Developing Countries Must Be Made Accountable For Reforestation Funds
Delegates at the United Nations Climate Conference are unable to build a consensus over an effective mechanism to control deforestation and thus reduce carbon emissions. Deforestation contributed 20% to the total carbon emissions worldwide and most of it happens in the poor and developing countries where vast stretches of forest cover are cleared for farming and other activities. While the poor and developing countries see this as an opportunity to cut an easy deal in the global fight against rising carbon emissions, the developed countries are concerned if the funds they would provide for reforestation would be used effectively.
To address the developed nations’ concerns regarding funds management, the developing countries also propose to place the entire reforestation program under the Clean Development Mechanism thus enabling them to earn carbon credits. But it is widely known the Clean Development Mechanism has its own drawbacks and inefficiencies. The developing countries are throwing weight behind such funding schemes as almost all developed countries want them to reduce their carbon emissions and reforestation seems the easiest way as it won’t have any significant affect on the fast growing economies of the developing countries.
Recently Brazil launched an international fund designed to receive $21 billion for restoration of the Amazon rainforests. By launching such a fund the Brazilian government hopes to attract money from developed nations which want to reduce their carbon emissions to limits mandated through the Kyoto Protocol. Norway initiated with $100 million. Now the catch. While announcing the fund, Brazil’s President Luiz Inacio Lula da Silva said that,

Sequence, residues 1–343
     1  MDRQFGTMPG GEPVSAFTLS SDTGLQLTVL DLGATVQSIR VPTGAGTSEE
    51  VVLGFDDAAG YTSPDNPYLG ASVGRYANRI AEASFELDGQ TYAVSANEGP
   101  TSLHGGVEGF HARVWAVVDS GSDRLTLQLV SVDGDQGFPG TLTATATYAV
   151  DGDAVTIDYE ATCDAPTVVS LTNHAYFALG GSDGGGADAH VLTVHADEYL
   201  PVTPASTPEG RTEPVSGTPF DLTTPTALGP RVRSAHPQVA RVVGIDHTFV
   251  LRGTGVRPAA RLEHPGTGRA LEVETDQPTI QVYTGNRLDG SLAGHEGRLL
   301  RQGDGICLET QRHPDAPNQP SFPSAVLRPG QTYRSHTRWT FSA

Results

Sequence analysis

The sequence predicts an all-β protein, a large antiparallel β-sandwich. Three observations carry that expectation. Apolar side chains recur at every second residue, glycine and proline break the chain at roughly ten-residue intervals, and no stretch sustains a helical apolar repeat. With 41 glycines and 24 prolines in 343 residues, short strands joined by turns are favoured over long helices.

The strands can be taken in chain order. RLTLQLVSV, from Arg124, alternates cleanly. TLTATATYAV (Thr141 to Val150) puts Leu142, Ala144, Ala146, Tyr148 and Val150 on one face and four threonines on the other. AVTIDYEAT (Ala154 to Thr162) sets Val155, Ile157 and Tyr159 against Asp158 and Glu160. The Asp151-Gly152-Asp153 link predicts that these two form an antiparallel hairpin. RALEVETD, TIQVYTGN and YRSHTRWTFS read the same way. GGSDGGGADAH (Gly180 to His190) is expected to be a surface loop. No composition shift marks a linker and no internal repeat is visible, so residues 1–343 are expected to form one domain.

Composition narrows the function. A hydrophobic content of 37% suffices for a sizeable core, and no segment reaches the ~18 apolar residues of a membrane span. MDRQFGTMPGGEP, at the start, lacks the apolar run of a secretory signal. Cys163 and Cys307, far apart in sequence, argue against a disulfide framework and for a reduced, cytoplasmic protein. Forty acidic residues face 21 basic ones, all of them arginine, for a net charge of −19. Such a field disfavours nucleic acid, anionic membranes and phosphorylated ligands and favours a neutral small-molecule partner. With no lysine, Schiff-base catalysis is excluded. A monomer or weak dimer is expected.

Donations are voluntary and donors have no say over the use of the resources.
Brazil’s Minister for Strategic Affairs, Roberto Mangabeira Unger too minced words implicitly stating that the donor countries would have no say in the utilization of the fund.
The fund is a vehicle by which foreign governments can help support our initiatives without exerting any influence over our national policy. We are not going to trade sovereignty for money.
This clearly shows the intent of the government of Brazil. Seeing an opportunity it jumped to grab it. To attract hefty sums of money the Brazilian government was quick to project the worsening condition of the Amazon rainforests but when it came to the affects of excessive biofuel production on the forests the Brazilian President categorically denied that their production had any role to play in the deforestation.
Sugar-cane ethanol in Brazil is not a threat to the Amazon, it does not take land out of food production, nor does it take food off the tables of Brazilians or other peoples in the world.
Such opportunists are the developing countries that they opening demand compensation for not pursuing environmentally damaging projects in their own countries. South American countries are willing to ignore the catastrophic consequences of oil & gas exploration in the Amazon rainforests and are ready to allow companies to explore regions rich in biodiversity.
Detailed mapping of the region shows the majority of planned oil and gas projects, which are operated by at least 35 multinational companies, are in the most species-rich areas of the Amazon for mammals, birds and amphibians.
One can understand that the developing countries are feeling the heat of the rising energy costs and need resources to power their economies but their attitude reflects that they don’t want to share responsibility of reducing emissions. It is no surprise that this attitude jeopardizes all efforts to put together global mandatory emissions reduction program.
Developed nations’ eagerness to show they are working to reduce carbon emission also plays a major role in this problem. If they are willing to play million of dollars for sponsoring such programs they must ask for binding assurances from the developing countries otherwise any effort to towards reducing emissions would be negated.
Photo credit: leoffreitas (Creative Commons)